A client of mine gave me a copy of a book called The High Price of Materialism. It’s written by a psychologist called Tim Kasser, and he spent many years studying the effects of “materialism” [money + stuff] on people and their wellbeing. His conclusion:

A strong focus on materialistic pursuits not only distracts people from experiences conducive to psychological growth and health, but signals a fundamental alienation from what is truly meaningful.

Here’s the BIG question you want to ask yourself: “What really motivates me?” Am I motivated by rewards and praise? By money? By rank? By constant affirmation? Or am I motivated by a deeper, more personal sense of accomplishment? By doing stuff that is an expression of who I am? By knowing that what I do matters?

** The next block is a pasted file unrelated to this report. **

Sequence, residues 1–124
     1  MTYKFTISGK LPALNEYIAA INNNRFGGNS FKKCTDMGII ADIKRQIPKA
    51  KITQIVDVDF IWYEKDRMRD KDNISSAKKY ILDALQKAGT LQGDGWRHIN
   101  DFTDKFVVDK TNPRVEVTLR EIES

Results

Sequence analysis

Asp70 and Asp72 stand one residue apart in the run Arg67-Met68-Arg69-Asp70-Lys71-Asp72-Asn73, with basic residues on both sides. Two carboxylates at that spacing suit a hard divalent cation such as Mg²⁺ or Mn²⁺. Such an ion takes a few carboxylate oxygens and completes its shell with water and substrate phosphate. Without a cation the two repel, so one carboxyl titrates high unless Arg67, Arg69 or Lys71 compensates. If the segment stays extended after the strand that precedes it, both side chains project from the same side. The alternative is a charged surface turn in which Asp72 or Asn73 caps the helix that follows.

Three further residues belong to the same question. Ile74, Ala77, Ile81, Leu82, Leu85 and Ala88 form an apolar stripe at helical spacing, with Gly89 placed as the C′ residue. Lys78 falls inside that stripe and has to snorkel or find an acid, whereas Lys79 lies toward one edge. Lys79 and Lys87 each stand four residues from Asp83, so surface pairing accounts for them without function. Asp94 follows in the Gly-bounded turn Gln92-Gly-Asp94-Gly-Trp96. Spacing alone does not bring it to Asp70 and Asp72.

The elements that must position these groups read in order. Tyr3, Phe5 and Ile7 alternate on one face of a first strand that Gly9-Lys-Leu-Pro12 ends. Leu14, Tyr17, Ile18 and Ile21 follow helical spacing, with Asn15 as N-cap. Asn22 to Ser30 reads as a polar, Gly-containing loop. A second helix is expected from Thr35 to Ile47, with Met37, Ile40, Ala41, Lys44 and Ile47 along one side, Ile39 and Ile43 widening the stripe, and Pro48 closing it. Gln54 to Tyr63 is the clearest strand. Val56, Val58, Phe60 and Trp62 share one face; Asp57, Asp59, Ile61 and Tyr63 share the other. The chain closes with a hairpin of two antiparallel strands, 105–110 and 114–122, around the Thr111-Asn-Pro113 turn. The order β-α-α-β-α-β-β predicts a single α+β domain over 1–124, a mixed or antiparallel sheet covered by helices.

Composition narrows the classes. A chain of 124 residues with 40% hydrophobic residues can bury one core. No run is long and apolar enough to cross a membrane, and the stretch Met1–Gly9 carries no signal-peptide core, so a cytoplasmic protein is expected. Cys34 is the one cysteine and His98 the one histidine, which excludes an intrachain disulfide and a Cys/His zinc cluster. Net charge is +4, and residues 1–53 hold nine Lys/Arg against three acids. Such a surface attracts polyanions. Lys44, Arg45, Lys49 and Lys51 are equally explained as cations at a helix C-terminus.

Motivation is intrinsic, and workplace studies bear this out all the time. Salary is NEVER the top driver of employee engagement or satisfaction. Sure, we all need money to pay the bills. But money is not what makes us tick.

So, what are you going to choose, “Money or motivation?”. And it might be a bit of both, which is fine. As long as you don’t let your whole life be ruled by the money.

Here’s me making the point in a recent interview:

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Richard Sauerman
Richard Sauerman
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